Academics from Frankfurt’s Max Planck Institute for European Legal History, Johann Wolfgang Goethe University and University of Applied Sciences have joined forces for a research project focussing on “Extrajudicial and Judicial Conflict Resolution”, which started in January 2012.
In the summer term 2012, the Law Faculty at Frankfurt’s Goethe Universität is offering a programme on German and International Arbitration. Here’s the description:
“Trying to find out about commercial arbitration, but didn’t know how? This Goethe University Curriculum provides you with a comprehensive introduction to the theory and practice of German and international commercial arbitration. Some of the most eminent arbitration specialists from major international law firms offer their profound knowledge and experience in a lecture series in German and English. One semester, every week, in the early evening hours, for a maximum of 30 highly motivated participants.”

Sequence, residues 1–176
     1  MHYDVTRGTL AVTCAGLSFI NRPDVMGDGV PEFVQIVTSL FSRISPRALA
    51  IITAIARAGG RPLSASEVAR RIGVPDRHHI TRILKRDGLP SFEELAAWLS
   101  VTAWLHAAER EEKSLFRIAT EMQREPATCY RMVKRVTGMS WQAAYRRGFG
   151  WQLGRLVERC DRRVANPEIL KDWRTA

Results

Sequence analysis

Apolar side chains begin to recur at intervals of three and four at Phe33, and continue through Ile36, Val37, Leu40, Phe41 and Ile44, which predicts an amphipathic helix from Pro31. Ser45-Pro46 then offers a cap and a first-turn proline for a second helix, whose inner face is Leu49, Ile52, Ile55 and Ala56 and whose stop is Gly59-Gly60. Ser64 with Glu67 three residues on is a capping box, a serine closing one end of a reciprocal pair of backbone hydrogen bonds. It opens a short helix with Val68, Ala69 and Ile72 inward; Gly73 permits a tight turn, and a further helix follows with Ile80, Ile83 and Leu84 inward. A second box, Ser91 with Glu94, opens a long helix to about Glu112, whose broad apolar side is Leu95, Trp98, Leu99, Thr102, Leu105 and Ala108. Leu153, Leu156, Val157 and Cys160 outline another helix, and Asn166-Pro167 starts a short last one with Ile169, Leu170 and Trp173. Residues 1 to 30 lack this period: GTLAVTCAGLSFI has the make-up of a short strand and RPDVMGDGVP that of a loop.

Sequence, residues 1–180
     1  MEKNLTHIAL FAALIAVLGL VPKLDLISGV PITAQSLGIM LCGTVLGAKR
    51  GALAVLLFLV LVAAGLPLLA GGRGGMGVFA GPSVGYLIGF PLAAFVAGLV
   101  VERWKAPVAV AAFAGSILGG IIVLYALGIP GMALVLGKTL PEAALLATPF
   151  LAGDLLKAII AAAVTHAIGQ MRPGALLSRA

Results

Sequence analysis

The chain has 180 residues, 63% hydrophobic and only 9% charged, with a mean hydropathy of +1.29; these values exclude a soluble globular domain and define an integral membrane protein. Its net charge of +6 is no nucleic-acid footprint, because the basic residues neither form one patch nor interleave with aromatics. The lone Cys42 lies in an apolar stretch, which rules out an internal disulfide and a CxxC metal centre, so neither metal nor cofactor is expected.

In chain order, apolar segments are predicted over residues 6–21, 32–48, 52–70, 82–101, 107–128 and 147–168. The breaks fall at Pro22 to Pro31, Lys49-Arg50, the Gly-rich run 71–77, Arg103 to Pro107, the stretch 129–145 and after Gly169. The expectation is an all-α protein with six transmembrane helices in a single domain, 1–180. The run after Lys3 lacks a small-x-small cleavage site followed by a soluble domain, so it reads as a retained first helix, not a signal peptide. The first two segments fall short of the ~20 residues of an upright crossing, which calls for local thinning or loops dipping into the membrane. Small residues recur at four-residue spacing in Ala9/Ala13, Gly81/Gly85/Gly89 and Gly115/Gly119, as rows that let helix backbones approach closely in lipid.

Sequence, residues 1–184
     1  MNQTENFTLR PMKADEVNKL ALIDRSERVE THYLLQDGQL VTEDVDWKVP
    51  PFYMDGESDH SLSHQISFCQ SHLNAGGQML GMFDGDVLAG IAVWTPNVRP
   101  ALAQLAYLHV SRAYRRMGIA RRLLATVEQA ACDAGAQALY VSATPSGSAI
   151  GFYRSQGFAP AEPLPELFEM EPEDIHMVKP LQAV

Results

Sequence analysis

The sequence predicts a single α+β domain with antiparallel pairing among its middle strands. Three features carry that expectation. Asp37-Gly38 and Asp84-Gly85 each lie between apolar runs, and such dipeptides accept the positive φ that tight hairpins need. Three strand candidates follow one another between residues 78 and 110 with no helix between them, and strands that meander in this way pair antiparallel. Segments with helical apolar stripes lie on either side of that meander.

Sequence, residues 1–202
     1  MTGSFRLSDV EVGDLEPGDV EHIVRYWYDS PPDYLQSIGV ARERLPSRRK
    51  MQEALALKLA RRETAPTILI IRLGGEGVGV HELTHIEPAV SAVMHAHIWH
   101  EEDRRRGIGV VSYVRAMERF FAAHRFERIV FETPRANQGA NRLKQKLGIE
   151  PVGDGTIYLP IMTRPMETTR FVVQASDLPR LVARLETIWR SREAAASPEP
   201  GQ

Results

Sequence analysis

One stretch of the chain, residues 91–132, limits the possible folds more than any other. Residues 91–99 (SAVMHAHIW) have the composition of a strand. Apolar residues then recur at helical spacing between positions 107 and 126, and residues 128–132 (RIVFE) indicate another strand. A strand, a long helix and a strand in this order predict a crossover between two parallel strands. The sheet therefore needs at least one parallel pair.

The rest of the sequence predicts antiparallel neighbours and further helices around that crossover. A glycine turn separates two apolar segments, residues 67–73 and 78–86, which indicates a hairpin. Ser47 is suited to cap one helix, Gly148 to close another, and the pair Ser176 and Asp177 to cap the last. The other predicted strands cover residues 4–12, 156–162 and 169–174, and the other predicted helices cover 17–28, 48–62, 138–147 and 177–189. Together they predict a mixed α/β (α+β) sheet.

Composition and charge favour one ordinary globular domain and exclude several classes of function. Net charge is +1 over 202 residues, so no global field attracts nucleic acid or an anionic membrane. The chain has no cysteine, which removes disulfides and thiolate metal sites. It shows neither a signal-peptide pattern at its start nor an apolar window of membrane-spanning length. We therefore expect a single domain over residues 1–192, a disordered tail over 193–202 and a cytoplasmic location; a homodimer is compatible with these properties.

The programme really is attractive – something I would have loved to attend as a student. Deadline for registration is March 27, 2012.
One of the recurring themes in mediation is, whether lawyers should attend or not attend the medition. More generelly speaking: what role do lawyers have to play in mediation? One often hears that that when one or both sides bring their lawyer to the mediation, the mediation is slowed down, becomes more contentious and adversarial, and more likely to fail compared to a situation where they parties worked solely with a mediator. Continue reading